Using a micro chisel, I then removed the inside of the engraving to leave the new hole, ready for a light and some clear sheet. It is possibly a bit too big, but once I have the clear part in place, I will make a smaller mask for it before painting.
















Share this post

Link to post
Share on other sites

The tweak list mentions the fairing `scabbed' onto the fuselage either side of the exhaust section. It took me a while to work out what they were talking about, but once you see it, it makes sense. They are the two triangular protrusions at the aft end, as shown here. Notice that they are very thick.




Here is the fairing from the side. 




To correctly depict the fairing, a new panel line needs to be scribed, which will clearly define this as a separate part which is bolted onto the fuselage. You can see the old panel line that I have filled and sanded. 




SMS Primer filler has been sprayed onto the modified area and sanded smooth.




The next step was to thin the edges of each of the protrusions and I glued some rounded plastic card onto the inside.




The completed modification.




Each of the two D shaped divots behind the cockpit were hollowed out, and a new ramp was made from plastic card. Also visible is the 4 new scribed latches on the panel immediately forward of the panel with the divot. Took me a couple of goes to get them right hence the `shadow' of the failed attempts.




The landing lights were a little too far back, so I filled these with thick disks of plastic card, and repositioned them a little further forward. I also made up some new gas purge vent pipes from brass tube as can be seen




The area around the cannon ports was very simplified, so quite a few new panel lines were scibed in this area, as well as screw holes.




Primed! Lots of little circles and squiggles that I have drawn on the model with a lead pencil to identify areas that needed to be fixed.










Share this post

Link to post
Share on other sites

Thanks for the comment guys.


On to the painting stage. I like using the black base method for light colours and metal, so I painted the entire under surface black using another excellent SMS product called Camo black.




This paint gives a very smooth satin finish which is very hard wearing straight from the bottle.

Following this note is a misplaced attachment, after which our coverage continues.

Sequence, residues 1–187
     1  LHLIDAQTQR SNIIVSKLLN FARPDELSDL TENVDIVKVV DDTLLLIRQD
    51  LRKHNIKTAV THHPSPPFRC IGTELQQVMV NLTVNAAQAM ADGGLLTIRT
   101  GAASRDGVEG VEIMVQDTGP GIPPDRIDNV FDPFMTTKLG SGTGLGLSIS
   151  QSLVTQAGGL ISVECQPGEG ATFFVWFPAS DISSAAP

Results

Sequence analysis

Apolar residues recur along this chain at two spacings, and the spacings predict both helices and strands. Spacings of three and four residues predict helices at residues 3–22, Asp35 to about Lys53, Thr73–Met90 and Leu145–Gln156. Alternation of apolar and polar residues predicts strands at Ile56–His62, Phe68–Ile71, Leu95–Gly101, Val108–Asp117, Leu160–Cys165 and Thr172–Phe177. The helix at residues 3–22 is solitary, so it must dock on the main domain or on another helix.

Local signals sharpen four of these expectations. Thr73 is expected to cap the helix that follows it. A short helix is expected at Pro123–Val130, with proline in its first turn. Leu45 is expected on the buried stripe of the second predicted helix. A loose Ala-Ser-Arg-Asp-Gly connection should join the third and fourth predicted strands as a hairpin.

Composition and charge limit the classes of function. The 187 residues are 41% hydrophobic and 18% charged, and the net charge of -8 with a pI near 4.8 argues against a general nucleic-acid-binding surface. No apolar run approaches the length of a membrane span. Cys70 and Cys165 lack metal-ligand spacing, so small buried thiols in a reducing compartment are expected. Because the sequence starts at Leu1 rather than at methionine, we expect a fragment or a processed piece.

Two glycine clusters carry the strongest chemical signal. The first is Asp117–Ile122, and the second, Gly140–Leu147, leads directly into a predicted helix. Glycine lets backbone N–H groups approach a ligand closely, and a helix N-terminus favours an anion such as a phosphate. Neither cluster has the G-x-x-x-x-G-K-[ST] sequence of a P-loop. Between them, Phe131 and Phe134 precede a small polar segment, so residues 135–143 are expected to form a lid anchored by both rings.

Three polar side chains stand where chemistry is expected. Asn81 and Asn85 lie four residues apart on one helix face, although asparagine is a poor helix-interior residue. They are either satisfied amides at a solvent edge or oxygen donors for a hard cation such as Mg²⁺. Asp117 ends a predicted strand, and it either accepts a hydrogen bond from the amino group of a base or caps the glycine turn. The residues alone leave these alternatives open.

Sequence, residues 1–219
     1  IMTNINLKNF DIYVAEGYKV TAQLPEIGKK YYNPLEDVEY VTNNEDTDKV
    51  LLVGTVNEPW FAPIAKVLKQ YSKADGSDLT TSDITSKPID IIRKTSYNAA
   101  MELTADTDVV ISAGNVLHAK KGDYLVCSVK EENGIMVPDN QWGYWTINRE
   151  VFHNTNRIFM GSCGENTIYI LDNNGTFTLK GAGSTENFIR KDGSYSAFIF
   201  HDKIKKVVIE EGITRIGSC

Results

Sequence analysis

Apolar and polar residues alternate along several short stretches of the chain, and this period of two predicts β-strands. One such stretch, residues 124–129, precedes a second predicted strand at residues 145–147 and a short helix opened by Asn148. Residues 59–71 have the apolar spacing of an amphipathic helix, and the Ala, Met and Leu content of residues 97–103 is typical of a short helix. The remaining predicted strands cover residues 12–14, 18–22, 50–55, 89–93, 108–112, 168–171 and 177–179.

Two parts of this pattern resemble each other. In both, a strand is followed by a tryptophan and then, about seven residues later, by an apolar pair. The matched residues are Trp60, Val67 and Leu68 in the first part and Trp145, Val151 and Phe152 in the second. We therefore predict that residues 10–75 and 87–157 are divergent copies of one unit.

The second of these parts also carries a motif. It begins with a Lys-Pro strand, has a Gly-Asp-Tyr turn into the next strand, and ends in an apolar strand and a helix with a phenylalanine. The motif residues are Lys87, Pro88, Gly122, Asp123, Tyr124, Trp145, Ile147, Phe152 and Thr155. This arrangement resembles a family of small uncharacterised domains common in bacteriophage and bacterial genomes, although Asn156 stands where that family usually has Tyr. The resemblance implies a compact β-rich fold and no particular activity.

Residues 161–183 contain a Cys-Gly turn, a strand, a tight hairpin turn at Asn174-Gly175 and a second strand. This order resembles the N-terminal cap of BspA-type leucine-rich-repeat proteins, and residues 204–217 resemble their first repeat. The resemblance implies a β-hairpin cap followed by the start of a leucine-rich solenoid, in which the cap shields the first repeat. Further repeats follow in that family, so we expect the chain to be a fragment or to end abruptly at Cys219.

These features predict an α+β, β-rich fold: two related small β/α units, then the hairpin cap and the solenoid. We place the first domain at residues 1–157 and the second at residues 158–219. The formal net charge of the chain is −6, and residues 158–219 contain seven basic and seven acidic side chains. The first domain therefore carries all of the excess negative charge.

Thus was my mottled coat of the light grey, which will provide a base for subsequent light coats of the same colour.




I extended the black base up over the rear fuselage and pre shaded the top surface.




The start of the bare metal effect on the rear fuselage. I split the area up into 3 zones as can be seen. From the front I used Alclad Duraluminum, AK extreme metal Duraluminum and Alclad Gunmetal as the base colours. These were mottled over each area.




I then used Alclad pale burnt metal thinned with MRP lacquer thinner and mottled it over each panel. This was followed by a further thinned mix of Alclad Gunmetal which gives selected areas a purple discoloured look.



It moves around a bit depending on the light.



I then started to sketch the different cam colours on the upper side. I build up each colour organically so that it doesn’t look too sterile. I used MRP paints.




The rough shapes in place. I have further refined each shape since this pic was taken.



An important part of the model is the scorched areas of paint on the rear fuselage. I don’t have any pics of 197 that show this area (although an ultra high res photo of it will show up the day after I finish it) so I have worked off a few pics of different aircraft to come up with a composite. I am leaving the two rear most panels alone and will apply the scorched effect to the front.  I lightened the base colour and have sprayed the outer areas of the panel lines to represent the oxidised paint. Over the top of this will be applied the base colour.





More to come later.






Edited by ericg

Share this post

Link to post
Share on other sites

Create an account or sign in to comment

You need to be a member in order to leave a comment

Create an account

Sign up for a new account in our community. It's easy!

Register a new account

Sign in

Already have an account? Sign in here.

Sign In Now

  • Recently Browsing   0 members

    No registered users viewing this page.

  • Create New...